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Maxime Sermesant


Here is my Asclepios local publication list (with many links to PDFs, go to the HAL entry). But even if I try to keep this up-to-date, I am often late, you may have a better chance to find a reference in the following sites:

Recent Projects

  • MD Paedigree: Model-Driven Paediatric European Digital Repository.
  • VP2HF: Virtual Physiological Human for Heart Failure.
  • ERC MedYMA: Biophysical Modeling & Analysis of Dynamic Medical Images.
  • Euheart: an integrated project on cardiac modeling and its application for improved diagnosis and therapy planning.
  • Virtual Physiological Human: a network of excellence for collaborative investigation of the human body as a single complex system.
  • Health e-Child: an integrated healthcare platform for European paediatrics.

Computer Models, Group-wise Statistics and Medical Image Processing

My research work combines cardiac modelling and clinical data in order to help diagnosis and therapy planning. This is by nature a very collaborative and multi-disciplinary work at the intersection of academic, clinical and industrial environments. Moreover there is an important underlying software aspect in order to achieve a clinical impact.

I first developed an electromechanical model of the heart which was usable as prior knowledge in image processing tasks. It was a generic model which could provide some physiological constraints but its parameters were not adjusted to the patient. Since then, my research focus followed two main axes. First I developed methods to personalise such an electromechanical model of the heart to the clinical data of a patient, in order to help diagnosis and therapy planning. Second, I integrated biophysical and statistical methods in order to be able to model the cardiac function at a group level.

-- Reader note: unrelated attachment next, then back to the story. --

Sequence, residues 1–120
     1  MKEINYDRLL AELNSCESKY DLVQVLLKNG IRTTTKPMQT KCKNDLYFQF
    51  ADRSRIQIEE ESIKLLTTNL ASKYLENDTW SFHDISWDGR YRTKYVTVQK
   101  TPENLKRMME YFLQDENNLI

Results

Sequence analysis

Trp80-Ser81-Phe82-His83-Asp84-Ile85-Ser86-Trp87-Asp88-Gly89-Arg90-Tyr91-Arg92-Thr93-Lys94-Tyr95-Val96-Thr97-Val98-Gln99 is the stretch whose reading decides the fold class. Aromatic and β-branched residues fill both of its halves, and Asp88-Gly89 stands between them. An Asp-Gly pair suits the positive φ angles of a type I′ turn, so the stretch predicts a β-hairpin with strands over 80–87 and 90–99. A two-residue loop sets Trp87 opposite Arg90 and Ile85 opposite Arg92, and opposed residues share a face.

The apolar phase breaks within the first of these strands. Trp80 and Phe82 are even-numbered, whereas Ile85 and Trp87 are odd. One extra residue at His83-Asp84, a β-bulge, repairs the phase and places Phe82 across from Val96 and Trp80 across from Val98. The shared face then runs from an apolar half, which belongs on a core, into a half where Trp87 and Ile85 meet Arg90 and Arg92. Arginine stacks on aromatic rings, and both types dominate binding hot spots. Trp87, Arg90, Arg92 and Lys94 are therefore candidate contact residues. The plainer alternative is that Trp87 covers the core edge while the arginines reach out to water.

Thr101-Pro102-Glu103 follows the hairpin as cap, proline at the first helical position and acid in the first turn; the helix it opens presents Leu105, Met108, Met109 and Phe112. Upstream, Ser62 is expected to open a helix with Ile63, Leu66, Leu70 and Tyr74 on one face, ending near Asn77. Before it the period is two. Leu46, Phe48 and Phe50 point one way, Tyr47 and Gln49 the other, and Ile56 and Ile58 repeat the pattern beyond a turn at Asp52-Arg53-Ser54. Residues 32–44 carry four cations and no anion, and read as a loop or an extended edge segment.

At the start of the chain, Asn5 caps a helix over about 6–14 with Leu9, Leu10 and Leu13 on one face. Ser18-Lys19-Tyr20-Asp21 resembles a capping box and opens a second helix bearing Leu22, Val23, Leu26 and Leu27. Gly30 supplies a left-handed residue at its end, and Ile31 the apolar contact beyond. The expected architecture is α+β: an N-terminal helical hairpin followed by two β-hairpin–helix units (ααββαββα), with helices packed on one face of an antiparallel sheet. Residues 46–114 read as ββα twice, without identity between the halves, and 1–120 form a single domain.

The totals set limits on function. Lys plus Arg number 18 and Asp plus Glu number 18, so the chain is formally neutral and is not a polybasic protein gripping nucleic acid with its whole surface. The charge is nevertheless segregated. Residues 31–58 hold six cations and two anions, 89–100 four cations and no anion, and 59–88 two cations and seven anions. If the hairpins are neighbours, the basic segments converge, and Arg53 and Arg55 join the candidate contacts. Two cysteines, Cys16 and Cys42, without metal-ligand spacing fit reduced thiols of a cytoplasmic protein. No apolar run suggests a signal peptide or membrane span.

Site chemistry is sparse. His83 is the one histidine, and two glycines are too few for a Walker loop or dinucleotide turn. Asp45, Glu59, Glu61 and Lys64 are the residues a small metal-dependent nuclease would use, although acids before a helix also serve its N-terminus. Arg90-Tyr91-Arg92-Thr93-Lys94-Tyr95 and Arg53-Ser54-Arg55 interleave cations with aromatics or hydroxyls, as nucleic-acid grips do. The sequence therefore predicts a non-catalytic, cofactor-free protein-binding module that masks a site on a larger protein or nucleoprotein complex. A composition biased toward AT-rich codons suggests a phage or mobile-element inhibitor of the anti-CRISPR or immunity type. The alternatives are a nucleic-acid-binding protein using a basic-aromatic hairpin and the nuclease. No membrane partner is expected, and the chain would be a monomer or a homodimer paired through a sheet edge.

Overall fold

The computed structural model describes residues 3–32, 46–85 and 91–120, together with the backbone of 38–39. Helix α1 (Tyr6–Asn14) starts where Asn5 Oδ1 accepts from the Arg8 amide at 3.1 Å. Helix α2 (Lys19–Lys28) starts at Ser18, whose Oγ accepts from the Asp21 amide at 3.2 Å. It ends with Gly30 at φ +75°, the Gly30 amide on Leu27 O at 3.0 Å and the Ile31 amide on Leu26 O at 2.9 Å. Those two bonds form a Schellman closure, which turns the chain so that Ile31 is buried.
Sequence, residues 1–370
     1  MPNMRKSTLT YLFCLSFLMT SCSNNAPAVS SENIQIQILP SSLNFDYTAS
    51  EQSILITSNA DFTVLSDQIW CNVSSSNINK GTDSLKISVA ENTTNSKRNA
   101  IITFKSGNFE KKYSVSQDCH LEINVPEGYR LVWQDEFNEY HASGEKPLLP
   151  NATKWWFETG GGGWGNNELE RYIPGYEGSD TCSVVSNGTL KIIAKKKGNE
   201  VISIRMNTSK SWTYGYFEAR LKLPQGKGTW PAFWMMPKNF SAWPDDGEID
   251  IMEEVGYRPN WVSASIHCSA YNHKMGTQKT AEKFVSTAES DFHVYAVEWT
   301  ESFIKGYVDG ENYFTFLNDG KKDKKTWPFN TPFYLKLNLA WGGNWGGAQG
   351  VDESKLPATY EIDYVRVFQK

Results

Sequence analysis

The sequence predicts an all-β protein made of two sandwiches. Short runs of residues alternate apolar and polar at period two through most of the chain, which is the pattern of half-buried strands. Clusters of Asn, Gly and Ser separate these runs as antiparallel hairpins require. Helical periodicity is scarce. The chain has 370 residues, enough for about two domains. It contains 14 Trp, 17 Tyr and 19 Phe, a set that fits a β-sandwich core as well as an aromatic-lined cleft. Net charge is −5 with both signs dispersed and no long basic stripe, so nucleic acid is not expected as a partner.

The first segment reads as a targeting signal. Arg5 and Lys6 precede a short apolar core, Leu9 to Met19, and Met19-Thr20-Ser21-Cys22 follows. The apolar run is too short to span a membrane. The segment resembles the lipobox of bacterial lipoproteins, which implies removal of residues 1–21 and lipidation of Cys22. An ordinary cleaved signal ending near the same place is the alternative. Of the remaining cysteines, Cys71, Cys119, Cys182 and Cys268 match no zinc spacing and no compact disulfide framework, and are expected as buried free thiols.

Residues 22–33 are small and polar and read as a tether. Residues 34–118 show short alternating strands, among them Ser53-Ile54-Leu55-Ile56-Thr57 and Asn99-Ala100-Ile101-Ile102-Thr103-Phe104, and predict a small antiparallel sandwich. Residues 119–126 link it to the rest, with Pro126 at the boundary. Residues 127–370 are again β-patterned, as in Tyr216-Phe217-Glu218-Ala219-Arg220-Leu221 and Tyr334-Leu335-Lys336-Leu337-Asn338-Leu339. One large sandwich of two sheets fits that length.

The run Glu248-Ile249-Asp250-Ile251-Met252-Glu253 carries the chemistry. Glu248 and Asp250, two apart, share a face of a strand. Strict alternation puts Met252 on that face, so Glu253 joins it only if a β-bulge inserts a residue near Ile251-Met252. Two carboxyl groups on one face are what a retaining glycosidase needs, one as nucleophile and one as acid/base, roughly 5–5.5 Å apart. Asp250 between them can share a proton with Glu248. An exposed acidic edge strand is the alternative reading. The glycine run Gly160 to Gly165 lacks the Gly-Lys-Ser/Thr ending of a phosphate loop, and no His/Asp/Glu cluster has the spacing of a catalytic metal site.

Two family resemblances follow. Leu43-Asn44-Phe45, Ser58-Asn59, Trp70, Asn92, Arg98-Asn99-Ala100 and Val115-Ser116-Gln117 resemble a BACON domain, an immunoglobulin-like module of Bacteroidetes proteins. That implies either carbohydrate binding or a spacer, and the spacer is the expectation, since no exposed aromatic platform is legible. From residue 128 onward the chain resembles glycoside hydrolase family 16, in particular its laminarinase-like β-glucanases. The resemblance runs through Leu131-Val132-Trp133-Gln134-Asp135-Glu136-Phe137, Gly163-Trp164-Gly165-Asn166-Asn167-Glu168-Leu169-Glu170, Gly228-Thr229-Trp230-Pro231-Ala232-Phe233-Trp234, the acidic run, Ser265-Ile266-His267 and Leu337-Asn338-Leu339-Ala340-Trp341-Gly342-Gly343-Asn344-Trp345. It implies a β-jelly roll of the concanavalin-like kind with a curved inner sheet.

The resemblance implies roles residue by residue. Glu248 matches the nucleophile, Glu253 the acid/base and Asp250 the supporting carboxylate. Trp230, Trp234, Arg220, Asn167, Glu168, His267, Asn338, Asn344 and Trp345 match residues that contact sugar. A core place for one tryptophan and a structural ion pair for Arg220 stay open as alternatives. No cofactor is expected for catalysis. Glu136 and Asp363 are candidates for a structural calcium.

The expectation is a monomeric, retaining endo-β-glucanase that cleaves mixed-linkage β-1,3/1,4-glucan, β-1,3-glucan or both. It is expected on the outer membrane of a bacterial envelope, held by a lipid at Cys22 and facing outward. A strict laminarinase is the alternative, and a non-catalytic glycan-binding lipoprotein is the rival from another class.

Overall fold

All along these years, my research has gone back and forth between modelling and imaging, and the most recent work was in combining computational physiology and computational anatomy. This is a very exciting area that integrates two different ways of targeting patient-specific medicine. On one hand, computational physiology tries to build a computer model of the patient based on biophysical models of the human body. On the other hand, computational anatomy aims at statistical learning from healthy and pathological groupwise data, in order to evaluate a specific patient against the model.

These two research areas have undergone a tremendous progress over the last decade, which can be clearly seen by the number of related publications and conferences. Milestones were achieved in developing new methods for adjusting generic models to patient data and for computing statistics on complex objects like shapes and deformations. The parallel development of computational power and numerical strategies now opens new avenues for the application and integration of these results.

I really see the biophysical and statistical approaches as complementary, because independently they lack important features. For the biophysical approach, without a statistical analysis of the studied population it is often impossible to know which are the important phenomena to model, among the multi-scale multi-physics features of the cardiac function. On the other hand, once computed, a statistical model is very hard to interpret without some mechanistic insights on the phenomena observed, and biophysical models are a great tool to explore such mechanisms.

You can have more details on my background in my Vitae.